Brandon Charles Temple v. The State of Texas Appeal from Criminal District Court No. 5 of Dallas County (memorandum opinion)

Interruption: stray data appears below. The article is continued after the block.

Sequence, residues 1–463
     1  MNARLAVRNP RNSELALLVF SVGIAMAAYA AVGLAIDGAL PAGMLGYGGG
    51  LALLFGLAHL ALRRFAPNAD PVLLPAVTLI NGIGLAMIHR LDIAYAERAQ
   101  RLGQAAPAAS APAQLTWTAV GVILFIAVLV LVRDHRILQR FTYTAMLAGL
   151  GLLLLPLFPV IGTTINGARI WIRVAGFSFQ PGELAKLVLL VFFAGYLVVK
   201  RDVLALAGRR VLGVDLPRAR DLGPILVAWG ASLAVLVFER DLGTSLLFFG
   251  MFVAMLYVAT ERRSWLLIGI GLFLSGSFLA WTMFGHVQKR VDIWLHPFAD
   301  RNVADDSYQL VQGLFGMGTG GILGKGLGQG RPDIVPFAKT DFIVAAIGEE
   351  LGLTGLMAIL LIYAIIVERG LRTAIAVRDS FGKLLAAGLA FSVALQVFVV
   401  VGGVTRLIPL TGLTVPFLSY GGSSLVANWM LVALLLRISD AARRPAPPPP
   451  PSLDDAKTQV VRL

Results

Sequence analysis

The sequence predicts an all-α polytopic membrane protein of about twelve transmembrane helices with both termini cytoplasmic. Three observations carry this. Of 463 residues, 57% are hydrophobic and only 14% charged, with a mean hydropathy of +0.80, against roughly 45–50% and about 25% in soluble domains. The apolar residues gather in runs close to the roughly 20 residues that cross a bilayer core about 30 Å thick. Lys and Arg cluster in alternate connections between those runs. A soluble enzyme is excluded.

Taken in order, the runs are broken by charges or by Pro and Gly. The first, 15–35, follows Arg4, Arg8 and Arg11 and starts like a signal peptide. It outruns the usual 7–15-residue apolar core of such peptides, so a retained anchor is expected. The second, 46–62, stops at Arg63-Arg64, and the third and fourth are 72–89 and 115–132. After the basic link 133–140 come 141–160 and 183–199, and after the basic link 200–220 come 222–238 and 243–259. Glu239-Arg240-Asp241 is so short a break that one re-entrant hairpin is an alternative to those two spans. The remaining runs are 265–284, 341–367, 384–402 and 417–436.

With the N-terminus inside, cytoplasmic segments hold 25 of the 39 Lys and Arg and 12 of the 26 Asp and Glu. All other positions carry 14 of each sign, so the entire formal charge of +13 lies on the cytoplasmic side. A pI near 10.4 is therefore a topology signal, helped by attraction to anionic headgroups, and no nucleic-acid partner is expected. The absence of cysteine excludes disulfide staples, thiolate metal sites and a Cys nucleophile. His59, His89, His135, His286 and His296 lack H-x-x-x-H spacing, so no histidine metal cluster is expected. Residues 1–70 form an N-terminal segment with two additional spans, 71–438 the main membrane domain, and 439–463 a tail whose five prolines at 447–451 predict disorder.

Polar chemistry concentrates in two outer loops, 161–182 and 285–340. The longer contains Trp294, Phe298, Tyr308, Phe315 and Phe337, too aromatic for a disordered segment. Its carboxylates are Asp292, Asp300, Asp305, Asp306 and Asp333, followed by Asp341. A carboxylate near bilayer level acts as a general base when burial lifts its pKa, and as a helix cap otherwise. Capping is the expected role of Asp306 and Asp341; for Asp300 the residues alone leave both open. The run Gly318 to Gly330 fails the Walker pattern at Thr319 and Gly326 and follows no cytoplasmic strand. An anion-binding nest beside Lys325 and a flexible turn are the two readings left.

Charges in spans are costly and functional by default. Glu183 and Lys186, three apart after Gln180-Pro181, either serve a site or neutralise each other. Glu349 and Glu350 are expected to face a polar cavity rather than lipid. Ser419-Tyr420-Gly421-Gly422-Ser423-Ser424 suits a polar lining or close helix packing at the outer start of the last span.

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AFFIRMED and Opinion Filed October 10, 2018 S In The Court of Appeals Fifth District of Texas at Dallas No. 05-17-01162-CR BRANDON CHARLES TEMPLE, Appellant V. THE STATE OF TEXAS, Appellee On Appeal from the Criminal District Court No. 5 Dallas County, Texas Trial Court Cause No. F14-34443-L MEMORANDUM OPINION Before Justices Bridges, Francis, and Lang-Miers Opinion by Justice Francis A jury convicted Brandon Charles Temple of murder, and the trial court assessed punishment at forty-five years in prison. In two issues, appellant complains about the admission of extraneous offense evidence and the exclusion of first-aggressor evidence. We affirm. Appellant shot and killed Christopher Guajardo on a McDonald’s restaurant parking lot. Three eyewitnesses testified Guajardo was on his knees in a surrender position immediately before appellant shot him. One of the witnesses, Georgina Leos, was working at McDonald’s that night when Guajardo walked up to the drive-thru window and asked for directions to McKinney, Texas. Leos told him McKinney was a forty-five-minute drive and asked him if he had a car. Guajardo told her no. Leos then tried to place two telephone calls for Guajardo, but no one answered. When a car pulled up in the drive-thru, Guajardo told Leos he would walk to McKinney and left the drive-thru area. Leos said Guajardo was nice, polite, calm, and did not seem aggressive. A few minutes later, Leos was leaving work and noticed Guajardo talking to a man and woman outside an SUV parked near her car. As Leos was getting into her car, she saw a “scuffle” or “really fast” movement and then saw the man push Guajardo. Guajardo shook his head “no,” threw his hands in the air, and got down on his knees. The man opened the back window of the SUV, pulled out a shotgun, and shot Guajardo. The man got into his SUV and drove off. Leos was in shock but took pictures of the fleeing vehicle with her cell phone. After the vehicle left, she went to help Guajardo and called 911. Guajardo died at the scene from a shotgun wound to the torso. The slug damaged multiple organs and ribs as it traveled through his body. Joel Barbosa was in the drive-thru lane when he saw Guajardo walk up to the SUV, lean against the passenger side of the car, and talk to the man and woman inside. He could not hear the conversation. Shortly after, the couple got out and walked to the back of the car. They were talking to each other and then “just broke apart.” Barbosa said he did not see a “fistfight,” but the man pushed Guajardo “to get him away from him.” Guajardo walked away, and the man opened the back of the SUV and pulled out a shotgun. Barbosa said Guajardo kneeled down on his hands and knees, and the man shot him. Afterwards, the shooter appeared “very calm,” threw the shotgun into the back of the vehicle, and “took off real fast.” Barbosa said the shooter did not behave as if he were afraid at any time during the interaction. Kiara Rock was also in the drive-thru lane. She looked over and saw a man shoot a second man who was on his knees on the ground “surrendering himself.” Rock did not see what happened before the shooting. Police talked to witnesses at the scene, obtained the photographs that Leos took of the suspect’s vehicle, and retrieved videos from McDonald’s and an adjacent motel. The videos indicated the time between Guajardo’s initial contact with appellant and the murder was less than –2– three minutes. Using the videos and photographs of the suspect vehicle, Irving police Detective Adam Mayorga was able to identify the owner of the vehicle as Tyisha Promise, appellant’s girlfriend. In addition, a cap found at the scene contained appellant’s DNA. Mayorga testified, without objection, that appellant was not “legally able” to possess a firearm outside of his house. At trial, Promise testified she and appellant and been drinking on the night of the shooting and stopped at McDonald’s to get food. They were sitting in her SUV on the parking lot at about 1 a.m. when Guajardo leaned into the passenger-side window where she was seated and asked about “getting to McKinney.” Promise said she told Guajardo numerous times that she did not know directions to McKinney, but he continued to ask. Appellant then told Guajardo he could not give him a ride, and Guajardo responded that he was not looking for a “MF’ing ride.” At that point, appellant got out of the car and met Guajardo at the back of the vehicle, where they exchanged words. Promise said appellant was walking back to the driver’s door when Guajardo hit him. A fight ensued, and both men threw punches. Guajardo was knocked to the ground and got “right back up.” Promise said Guajardo was grabbing his shirt near his waistband, and she believed he was about to “grab something . . . perhaps a gun.” Appellant opened the back hatch window, grabbed a shotgun, and shot Guajardo. Unlike the other eyewitnesses, Promise said Guajardo never got on his knees or raised his hands. After the shooting, she and appellant got in the vehicle and left. Promise said Guajardo seemed “off” and became “real aggressive.” She testified she and appellant feared for their safety that night. Promise also testified, without objection, that appellant was not legally allowed to carry a gun outside the house. In his first issue, appellant complains about the admission of extraneous offense evidence that he was not allowed to possess a firearm. The evidence was adduced during the testimony of Mayorga and Promise, and appellant acknowledges he did not object. Nevertheless, he contends –3– no objection was required under Marin v. State, 851 S.W.2d 275, 279 (Tex. Crim. App. 1993), because his complaint involves either an absolute right or a right that must be implemented by the system unless expressly waived. We disagree. Since Marin, the court of criminal appeals has rejected a claim that the improper admission of evidence falls within one of the limited categories that may be addressed on appeal without proper objection. See Saldano, 70 S.W.3d 873, 889 (Tex. Crim. App. 2002). In Saldano, the defendant did not object to testimony that concerned his rights under the equal protection clause. After a discussion of Marin and the types of cases that may be raised for the first time on appeal, the court concluded the defendant was required to object to the evidence to complain on appeal. Id. at 889–90. Here, appellant’s issue concerns the admission of evidence that he was not legally allowed to possess a firearm on the night he shot Guajardo. Because his issue does not fall within one of those categories that may be addressed on appeal without objection, and because appellant failed to object, appellant has not preserved his complaint for review on appeal. See Saldano, 70 S.W.3d at 890; Fields v. State, No. 03-06-00106-CR, 2009 WL 638180, at *1–2 (Tex. App.—Austin March 12, 2009, pet. ref’d) (mem. op.) (concluding admission of extraneous offense evidence not fundamental error and failure to object waived review); Love v. State, No. 13-01-00342-CR, 2002 WL 34230836, at *1 (Tex. App.—Corpus Christi July 3, 2002, pet. ref’d) (mem. op.) (same). We overrule the first issue. In his second issue, appellant complains the trial court erred by excluding evidence of Guajardo’s juvenile convictions for assault and resisting arrest in 2000 and 2002. He contends the evidence was relevant to show Guajardo was the first aggressor and argues its exclusion impacted his claim of self-defense. Assuming without deciding the evidence was relevant to show Guajardo was the first aggressor, we conclude its exclusion was harmless. –4– When evaluating harm from non-constitutional error flowing from the exclusion of relevant evidence, we examine the record as a whole, and if we are fairly assured the error did not influence the jury or had but a slight effect, we conclude the error was harmless. Ray v. State, 178 S.W.3d 833, 836 (Tex. Crim. App. 2005). Although the trial court excluded evidence of fifteen- and seventeen-year-old juvenile convictions as first-aggressor evidence, the court did allow appellant to admit a December 2010 psychological assessment of Guajardo. The assessment noted, in part, the following: [Appellant] is seeking services due to persistence of sxs [sic] and “bad thoughts.” [Appellant] reports that thoughts of harming others “pop up” in his head at random times. [Appellant] says he has various plans of harming others (no weapons or organization of plan) however he denies any intent, and states these thoughts have occurred for yrs. [Appellant] denies thoughts of harming his children or loved ones, and instead says thoughts are about strangers. Thus, during its deliberations, the jury had before it evidence that Guajardo had thoughts of harming strangers that, given the factual allegations in this case, was more compelling to his self-defense theory than the much older juvenile convictions for assault and resisting arrest. Having examined the record as a whole, we are fairly assured that evidence of the juvenile convictions would have had only slight effect on the jury and its exclusion was therefore harmless. We overrule the second issue. We affirm the trial court’s judgment. Do Not Publish TEX. R. APP. P. 47.2(b) 171162F.U05 /Molly Francis/ MOLLY FRANCIS JUSTICE –5– S Court of Appeals Fifth District of Texas at Dallas JUDGMENT BRANDON CHARLES TEMPLE, Appellant No. 05-17-01162-CR On Appeal from the Criminal District Court No. 5, Dallas County, Texas Trial Court Cause No. F14-34443-L. Opinion delivered by Justice Francis; Justices Bridges and Lang-Miers participating. V. THE STATE OF TEXAS, Appellee Based on the Court’s opinion of this date, the judgment of the trial court is AFFIRMED. Judgment entered October 10, 2018. –6–